Martin was smart to jump all over this. As a friend at Google says, MS is opening up and it’s a good thing.

      • Stu

        Every open source project is invite only – i.e. if you don’t like what the core group wants in the code base, you fork; from a standards perspective, the W3C and DMTF are pay to play, the IETF is an exception but they don’t suffer fools.

        I dont think anyone’s claiming “adding MS” was about making it a mob, I’m saying that someone is lying. Ruv claims MS was invited early on, and by their post, certainly it seems they were invited, and chose to fire back instead of actually working within whatever group solicited them.

      • Steve Gillmor

        I’d agree the two stories are conflicting. Where does “Ruv” claim this? Martin’s post is very specific about what was said and “offered.” If it looks like a landgrab and tastes like a landgrab, excuse me for betting you might not want to step in it.

  • Stu

    He claims it here:

    Understand your concern, I honestly share it, but I get the impression all is not what it seems.

    Take a look at the OMG Cloud Interop workshop agenda earlier this week:

    Reuven didn’t mention the manifesto in his talk, and I was frankly surprised that he implies on his blog that he’s championing it – that’s not the impression I got.

  • Above Average English Speaking Human

    What is “cloud computing” …

    (That was sarcasm for you low brow folks)

    It sickens me that the make-a-buck greedy corporate-locusts now swarm on social media for their next big feast, and have already begun the wordsmithing to create all sorts of new terminology – “cloud computing” and whatever else they can think up.

  • Fred Grott

    Hmm the new players do not get it..

    Each time this strategy has been played out by vendors outsiders come up with new innovative technology and route around this effing bulllshit.

  • as
  • FloridaLotteryService

    I totally agree with you Steve Gillmor about Microsoft.

  • FlLottoResults

    SO true, good post.

  • Is it too early for “cloud standards”? « The SiliconANGLE

    […] Steve Gillmor over at TechCrunch is call bullshit on the manifesto stating: It’s the same back room cigar-smoke-filled scam of the good old days when Web Services first began its inexorable move to reshape computing. […]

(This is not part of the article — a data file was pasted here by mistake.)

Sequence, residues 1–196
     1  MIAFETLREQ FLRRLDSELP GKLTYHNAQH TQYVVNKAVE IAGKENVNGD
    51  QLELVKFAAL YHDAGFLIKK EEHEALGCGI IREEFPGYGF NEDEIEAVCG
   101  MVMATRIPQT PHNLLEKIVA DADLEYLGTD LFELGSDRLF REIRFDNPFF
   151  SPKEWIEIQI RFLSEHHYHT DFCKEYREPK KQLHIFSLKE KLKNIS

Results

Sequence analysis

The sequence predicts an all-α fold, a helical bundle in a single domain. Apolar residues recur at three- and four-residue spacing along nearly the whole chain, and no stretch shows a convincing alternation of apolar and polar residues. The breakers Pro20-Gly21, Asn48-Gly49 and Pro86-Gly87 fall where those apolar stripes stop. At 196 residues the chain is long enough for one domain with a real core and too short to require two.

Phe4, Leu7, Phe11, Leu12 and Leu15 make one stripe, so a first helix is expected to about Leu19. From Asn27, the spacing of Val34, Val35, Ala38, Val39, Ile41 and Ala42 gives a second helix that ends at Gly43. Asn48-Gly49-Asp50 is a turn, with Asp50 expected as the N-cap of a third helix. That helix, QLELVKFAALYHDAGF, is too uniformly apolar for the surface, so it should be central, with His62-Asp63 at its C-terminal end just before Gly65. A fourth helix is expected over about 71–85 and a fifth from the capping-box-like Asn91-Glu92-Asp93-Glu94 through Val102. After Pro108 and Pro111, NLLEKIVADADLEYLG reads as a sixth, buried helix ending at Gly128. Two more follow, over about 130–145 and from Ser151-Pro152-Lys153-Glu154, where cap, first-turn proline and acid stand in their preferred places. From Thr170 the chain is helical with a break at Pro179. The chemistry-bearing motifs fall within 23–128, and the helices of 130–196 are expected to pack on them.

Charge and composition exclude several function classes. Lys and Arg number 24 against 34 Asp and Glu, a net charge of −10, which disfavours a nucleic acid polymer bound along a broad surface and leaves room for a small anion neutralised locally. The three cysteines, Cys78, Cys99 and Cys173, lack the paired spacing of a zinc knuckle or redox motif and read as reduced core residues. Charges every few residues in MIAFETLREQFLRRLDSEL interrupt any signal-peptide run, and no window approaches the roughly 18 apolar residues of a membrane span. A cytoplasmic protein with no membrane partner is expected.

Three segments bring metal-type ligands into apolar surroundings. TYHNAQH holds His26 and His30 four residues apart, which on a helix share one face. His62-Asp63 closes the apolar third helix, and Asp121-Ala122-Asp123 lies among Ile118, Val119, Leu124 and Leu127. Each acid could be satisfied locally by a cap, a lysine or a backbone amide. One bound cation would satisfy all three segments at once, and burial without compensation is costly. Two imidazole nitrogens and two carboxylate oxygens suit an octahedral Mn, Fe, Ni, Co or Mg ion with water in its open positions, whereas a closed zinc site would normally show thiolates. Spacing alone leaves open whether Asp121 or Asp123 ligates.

• Sam Charrington

    Now that everything is out in the open, the question is what the community does with it.

    For this we need the Open Cloud Manifesto Manifesto (yes you read that right!)

  • Randy Bias

    A lot of screed about a lot of nothing.

    I’m not a big Reuven fan, but the Manifesto is simply nothing more than a statement of principles. Ones that already largely apply to the Internet.

    Getting hot and bothered about a restatement of general Internet principles as if they were some de-facto standard handed to us via back room deals by some kind of evil overlords is the worst kind of demagoguery.

    The original posting by Steve Martin was a bit over the top and so is this one.

    Yes, Enomaly and others should have opened the discussion up. Yes, there is a disconnect between their stated position and how they went through their process.

    But shrill alarmist blog postings don’t move the discussion forward either.

    –Randy Bias
    VP Tech Strategy

    Ps. Yes, I have my own WS-* battle scars.

    • Steve Gillmor

      in fact, shrill alarmist blog posts (called back page of InfoWorld in those days) profoundly moved the discussion forward. In those days Microsoft and IBM were in the drivers seat, today others have the backing of most of the media. I’m proud to even the balance a bit. But I appreciate you acknowledging the central point that Manifestos should have opened up and that their process damages their efforts. Looking forward to seeing where IBM comes down on their role in the process.

  • Benjamin Black


    You give this group far too much credit by suggesting they have any power at all since the only real players, Google and Amazon, aren’t participating. WS-I was a stinking pile of committee design, as it had to be, given its process and participants. This open cloud nonsense won’t even rise to that level.


  • Structured Methods › links for 2009-03-27

    […] Out of Order 2.0 Microsoft’s Steven Martin has ironically blown the whistle on an attempt at an “open” coalition that freezes out certain companies. Ironic in that Microsoft and IBM played this game years ago with the WS-I, an industry standards group that pointedly stonewalled Sun Microsystems’ involvement before caving under media pressure. (tags: Standards IBM Microsoft) This was written by Chuck Allen. Posted on Friday, March 27, 2009, at 10:05 am. Filed under Uncategorized. Bookmark the permalink. Follow comments here with the RSS feed. Post a comment or leave a trackback. […]

  • Gillmor, you've crapped the bed again

    Horrible article, Steve, just horrible.

  • quux

    You Manifesto guys need to get specific, and need to do so in a hurry. if you want to gain credibility, then you should seriously consider posting a log of who you spoke with at each company, and when, and some summary of the substance of each conversation.

  • Inaugural post: Controversy and the Cloud Manifesto « SilverGuru: Jesse Silver’s Weblog

    […] Manifesto controversy, read James Urquhart, Geva Perry, or for a deeply antagonistic viewpoint, Steve Gillmore. Though we’re wildly proud of the CCIF’s association with the Manifesto, we screwed […]